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The call of the wild mushrooms

Sunday, October 17, 1999

By Marilyn McDevitt Rubin, Post-Gazette columnist

Chef Thomas Chulick agreed to take us on a hunt for wild mushrooms. We were Nancy Hanst, Gene Deskins and me. We consider ourselves food people, which means that breakfast, lunch and dinner are the high points of each day. Gene is the gardener; Nancy and I are cooks.

To connect with Thomas, we drove to Johnstown, where he lives and knows the terrain.

It has to be said at the start that there is no state prettier than Pennsylvania. Even in a year where the absence of rain has been critical, the hills and valleys look lush, and the shallow meandering rivers sparkled in the sunshine.

That Saturday, as the fog lifted, we could only exclaim over the landscape revealed. By the end of the day, we knew that we would have a reason to come back, and we were glad of that. Thomas and his wife, Denise Thompson, have plans to open a restaurant in Johnstown. It's our intention to be patrons.

Thomas introduced us to his wife and business partner. We would have found her in any case, drawn as were to the kitchen of their home by the spicy scent of cooking apple butter. We recognized Denise. She was one of us. The talk was immediately about food and specifically about lunch, the menu printed neatly and posted like a map for the afternoon: blue cheese soufflé, grilled five-spice plum-glazed duck breasts, mesclun salad, vegetables from their garden, grilled Mediterranean-style, home-grown Concord grape tart.

To work up our appetites, we went off with Thomas to Stackhouse Park, a 277-acre wooded preserve with access only two blocks from his home. Almost immediately we were under a canopy of trees and finding mushrooms similar to those we had just seen on his kitchen table. He had named them all: Giant Puff Balls, looking like domestic mushrooms only bigger and rounder; Popinki or Honey Mushrooms, like a shiitake and just as prized; Oyster Mushrooms, which if we wanted (and we did) he would make into a soup to go with lunch; and, the most gorgeous of all, the brilliantly orange Chicken Mushrooms, which if I saw it in the woods without an expert at my side I would turn from and run. We looked up the various mushrooms in what Thomas calls his "Bible."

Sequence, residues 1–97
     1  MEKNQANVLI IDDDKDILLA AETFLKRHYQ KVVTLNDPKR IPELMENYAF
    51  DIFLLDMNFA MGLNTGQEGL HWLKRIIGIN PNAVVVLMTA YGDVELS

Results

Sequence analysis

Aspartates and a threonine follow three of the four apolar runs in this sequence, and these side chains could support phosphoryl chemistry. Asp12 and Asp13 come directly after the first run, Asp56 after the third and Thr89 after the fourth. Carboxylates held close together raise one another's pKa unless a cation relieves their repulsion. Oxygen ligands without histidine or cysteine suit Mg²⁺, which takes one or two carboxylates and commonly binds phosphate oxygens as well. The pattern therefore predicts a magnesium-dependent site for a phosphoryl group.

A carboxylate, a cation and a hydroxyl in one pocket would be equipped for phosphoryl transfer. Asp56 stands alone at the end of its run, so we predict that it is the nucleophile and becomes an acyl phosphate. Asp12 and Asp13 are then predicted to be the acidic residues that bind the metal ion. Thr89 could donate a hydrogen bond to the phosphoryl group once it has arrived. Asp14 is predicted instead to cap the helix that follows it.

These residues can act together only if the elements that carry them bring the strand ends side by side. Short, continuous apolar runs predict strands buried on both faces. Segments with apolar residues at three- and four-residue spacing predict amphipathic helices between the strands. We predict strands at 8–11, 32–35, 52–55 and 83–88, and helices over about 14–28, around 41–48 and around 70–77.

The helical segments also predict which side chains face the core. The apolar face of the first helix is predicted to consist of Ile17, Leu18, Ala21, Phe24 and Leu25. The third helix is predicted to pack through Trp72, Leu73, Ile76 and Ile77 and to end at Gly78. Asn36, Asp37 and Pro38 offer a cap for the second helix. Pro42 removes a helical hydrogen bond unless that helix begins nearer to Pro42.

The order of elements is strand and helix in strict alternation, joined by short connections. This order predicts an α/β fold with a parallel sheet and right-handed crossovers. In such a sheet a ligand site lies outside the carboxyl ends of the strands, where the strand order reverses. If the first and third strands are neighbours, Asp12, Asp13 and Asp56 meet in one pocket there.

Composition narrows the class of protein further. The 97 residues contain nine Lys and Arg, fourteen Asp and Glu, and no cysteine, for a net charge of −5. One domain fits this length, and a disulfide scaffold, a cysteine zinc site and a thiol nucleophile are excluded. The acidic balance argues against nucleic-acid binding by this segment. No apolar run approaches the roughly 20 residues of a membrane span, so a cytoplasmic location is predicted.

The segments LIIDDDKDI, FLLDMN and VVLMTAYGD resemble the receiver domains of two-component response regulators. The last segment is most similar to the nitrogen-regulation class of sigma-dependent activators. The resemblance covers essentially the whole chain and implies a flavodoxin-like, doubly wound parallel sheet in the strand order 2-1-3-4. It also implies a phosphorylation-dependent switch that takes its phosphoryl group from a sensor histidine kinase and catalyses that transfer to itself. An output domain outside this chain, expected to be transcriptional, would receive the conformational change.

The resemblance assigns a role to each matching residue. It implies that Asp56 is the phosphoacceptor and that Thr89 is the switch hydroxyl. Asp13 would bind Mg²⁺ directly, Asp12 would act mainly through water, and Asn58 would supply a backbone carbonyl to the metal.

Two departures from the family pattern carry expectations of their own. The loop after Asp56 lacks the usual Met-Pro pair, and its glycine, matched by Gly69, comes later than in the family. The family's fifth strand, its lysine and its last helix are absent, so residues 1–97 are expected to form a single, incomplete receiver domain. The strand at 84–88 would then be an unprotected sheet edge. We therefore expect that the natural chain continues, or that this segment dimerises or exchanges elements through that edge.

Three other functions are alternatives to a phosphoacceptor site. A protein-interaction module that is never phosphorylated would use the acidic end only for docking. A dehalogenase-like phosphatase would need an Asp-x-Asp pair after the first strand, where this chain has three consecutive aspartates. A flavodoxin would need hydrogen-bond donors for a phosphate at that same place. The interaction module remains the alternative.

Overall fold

"If it isn't pictured in 'The National Audubon Society Field Guide to North American Mushrooms,' I don't keep it," says Thomas stating his ridged position on mushroom hunting. "If it doesn't smell good and doesn't have the right color -- no blues, no purples -- out it goes. What I prefer are edible mushrooms that the book designates as 'choice.' Since wild mushrooms are available in small numbers, I use them only for home cooking."

As we started out on our hunt, Thomas gave his famous mushroom call.

"Come to me, mushrooms," he said, spreading his arms wide.

They did.

We found Puff Balls, smooth capped and gem-studded, a spectacular Bear Head Tooth and, under a dead beech tree, a whole community of Honey Mushrooms. Nancy took the Honeys home and next morning served them up with creamy scrambled eggs. "They were like the best shiitakes you've ever tasted," she said.

It takes a certain courage to eat wild mushrooms, what with all the stories of agonizing deaths to which one is exposed. The first time I ate a wild mushroom was a few years ago in Prague. A friend of my daughter's served them. I ate them resignedly. Several hours later when I could celebrate still being alive, I loved them, so fresh-tasting and with such a firm and springy texture.

On the trail in Stackhouse Park we met a father and son on a stroll. They saw what we were up to.

"What is it they say?" asked the father. "There are old mushroom lovers and bold mushroom lovers, but no old bold mushroom lovers."

"Not to say that it doesn't happen, but I've never known anyone who even got so much as sick from eating wild mushrooms," said Thomas.

Thomas speaks with authority. Born, raised and educated in this area, he is an experienced hunter/gatherer. To add to his credentials, he has a social sciences degree from Penn State University and an associate degree in culinary arts from Westmoreland Community College. Before opening his own catering business, he worked at the Rolling Rock Club. All his skills were demonstrated at the lovely lunch we enjoyed with him and his wife. The couple work together on planning menus and, on occasion, both do the cooking. They call their catering business Thomas & Thompson: 814-536-1588.

Chef Thomas will be at Sand Hill Berries, Mount Pleasant, for its annual Open House on Oct. 30 and 31. Three different boxed lunches prepared by him will be available for purchase. To be added to the Open House invitation list: 724-547-4760.

Thomas Chulick's Wild Mushroom Ravioli Filling

2 cups chopped onion
2 tablespoons unsalted butter
1 pound wild mushrooms, chopped
1 tablespoon each chopped fresh basil, dill and oregano
1 teaspoon chopped fresh rosemary
4 cloves roasted garlic
1/2 cup sherry
3/4 cup grated and cooked carrots, about 2
2 cups dry bread crumbs
1 cup grated Parmesan 2 eggs
Salt and black pepper, to taste

In butter, sauté onion until softened. Add mushrooms, herbs and garlic; continue to sauté a few minutes. Add wine; reduce slightly. Cool. Meanwhile combine carrots, crumbs, cheese and eggs; add to mushroom mixture and mix well. Mixture may also be used as a spread for bruschetta.

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